Long Term Care and Medicare vs. Medicaid

Medicare Insurance

According to the U.S. government, over 70 percent of us will need long term care assistance. On average, people require 2.8 years of care costing over $240,000. Can you afford to pay almost a quarter of a million dollars out of pocket? And what about your spouse’s needs? Obviously, health insurance helps to cover these costs, but many people are still a little confused about how Medicare and Medicaid work during a long term health care event.

First, let’s differentiate the two:

Medicare

Medicare is the government assisted health care plan for those over 65 years of age, those under 65 who have certain disabilities, and those with end-stage renal disease (permanent kidney failure). It becomes your primary health insurance after you turn 65. It is designed to take care of short-term medical conditions and does not cover long term care events.

Medicare CardIf a Medicare covered individual requires healthcare, Medicare Part A will cover 100% of the costs for the first 20 days of care. Then from day 21- 100, the patient pays the first $140 per day with Medicare covering the rest. From day 101 and beyond, the patient pays 100% of their costs. If at any time the physician determines that the patient has moved from acute care to long-term care, the claim will end immediately (even prior to the 20 days).

In order to qualify for coverage under these restrictions, you need to already be under the care of a physician and have a regularly reviewed care plan. Your doctor must evaluate your needs and approve that you need one or more of the services covered by Medicare.

During this short period of coverage, Medicare provides several different options for rehabilitation and care. This includes:

  • Nursing facility
  • Part-time nursing care
  • Physical, occupational, and speech-language therapy.
  • Social services to help you to cope with the social, psychological, environmental, and cultural issues related to your illness.
  • Follow-up care which is designed to help you learn more about your illness.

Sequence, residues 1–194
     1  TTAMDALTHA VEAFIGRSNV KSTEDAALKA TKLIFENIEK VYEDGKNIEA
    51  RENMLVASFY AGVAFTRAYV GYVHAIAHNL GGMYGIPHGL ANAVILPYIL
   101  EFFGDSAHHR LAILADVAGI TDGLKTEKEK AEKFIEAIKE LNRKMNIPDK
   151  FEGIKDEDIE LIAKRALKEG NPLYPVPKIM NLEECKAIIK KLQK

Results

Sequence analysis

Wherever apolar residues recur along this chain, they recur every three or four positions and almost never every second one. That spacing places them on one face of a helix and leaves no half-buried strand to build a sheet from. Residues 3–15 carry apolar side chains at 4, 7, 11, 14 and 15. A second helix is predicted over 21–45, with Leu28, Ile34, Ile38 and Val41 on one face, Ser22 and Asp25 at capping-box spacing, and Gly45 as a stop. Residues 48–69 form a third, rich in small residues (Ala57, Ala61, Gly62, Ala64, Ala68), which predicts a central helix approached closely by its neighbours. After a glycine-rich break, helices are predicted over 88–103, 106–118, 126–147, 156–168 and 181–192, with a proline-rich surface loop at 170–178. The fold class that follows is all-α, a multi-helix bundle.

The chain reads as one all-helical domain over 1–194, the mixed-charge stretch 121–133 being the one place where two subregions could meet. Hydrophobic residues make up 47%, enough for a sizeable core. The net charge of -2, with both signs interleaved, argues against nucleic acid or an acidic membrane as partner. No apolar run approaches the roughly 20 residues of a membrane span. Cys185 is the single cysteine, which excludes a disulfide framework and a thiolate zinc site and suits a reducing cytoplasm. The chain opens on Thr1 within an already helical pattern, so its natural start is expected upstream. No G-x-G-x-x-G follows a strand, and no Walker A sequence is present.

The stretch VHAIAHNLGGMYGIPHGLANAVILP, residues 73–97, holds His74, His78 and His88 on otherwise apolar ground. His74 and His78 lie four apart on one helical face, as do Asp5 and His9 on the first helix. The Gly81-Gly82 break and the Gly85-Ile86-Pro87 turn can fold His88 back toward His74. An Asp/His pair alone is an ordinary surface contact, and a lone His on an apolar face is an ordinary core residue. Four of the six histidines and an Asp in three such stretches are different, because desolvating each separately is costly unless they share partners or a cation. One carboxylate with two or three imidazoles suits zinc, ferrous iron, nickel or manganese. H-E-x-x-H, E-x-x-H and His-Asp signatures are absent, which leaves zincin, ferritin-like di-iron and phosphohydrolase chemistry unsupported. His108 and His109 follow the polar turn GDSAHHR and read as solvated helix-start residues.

• Medical equipment like wheelchairs, oxygen, and hospital beds.
  • Hospice care if you are not expected to live more than 6 months. This also includes the medications needed to control the illness and pain. Hospice care can be done at your home, in a nursing home, or other hospice facility.

Keep in mind that for each of these services, you must go through a Medicare-approved provider. Be sure to contact the care center in order to understand those services that will be covered. If certain items are not covered, have the agency explain to you personally and in writing how much you will be expected to pay.

As long as your physician continually requests one or more of these services every 60 days for you, there is no limit to how long you can benefit from them.

You may be thinking, “But if I purchase a Medigap policy to supplement my Medicare coverage, then surely I won’t have to worry about long-term care costs.” Unfortunately, you would be wrong. Medigap can be a helpful supplement. It is a plan offered by private insurance companies to help pay for these extra costs. And you don’t need to cancel your original Medicare plan to have Medigap. There are ten Medigap plans available, that help pay for everything from deductibles, coinsurance, and excess charges. However, long-term care is excluded.

Medicare is designed to cover short-term illnesses and conditions. You may need to find a long-term care plan within the private insurance market in order to receive payments for nursing home stays over 101 days, or if you prefer 24 hour home care, meals delivered to your home, and personal and homemaker services.

Medicaid

Medicaid is the government assisted health care plan for those with low-incomes. It also covers non-elderly disabled people, low-income seniors, and low-income caretakers.  It does cover long term health care costs, but only for qualifying low-income individuals over the age of 21.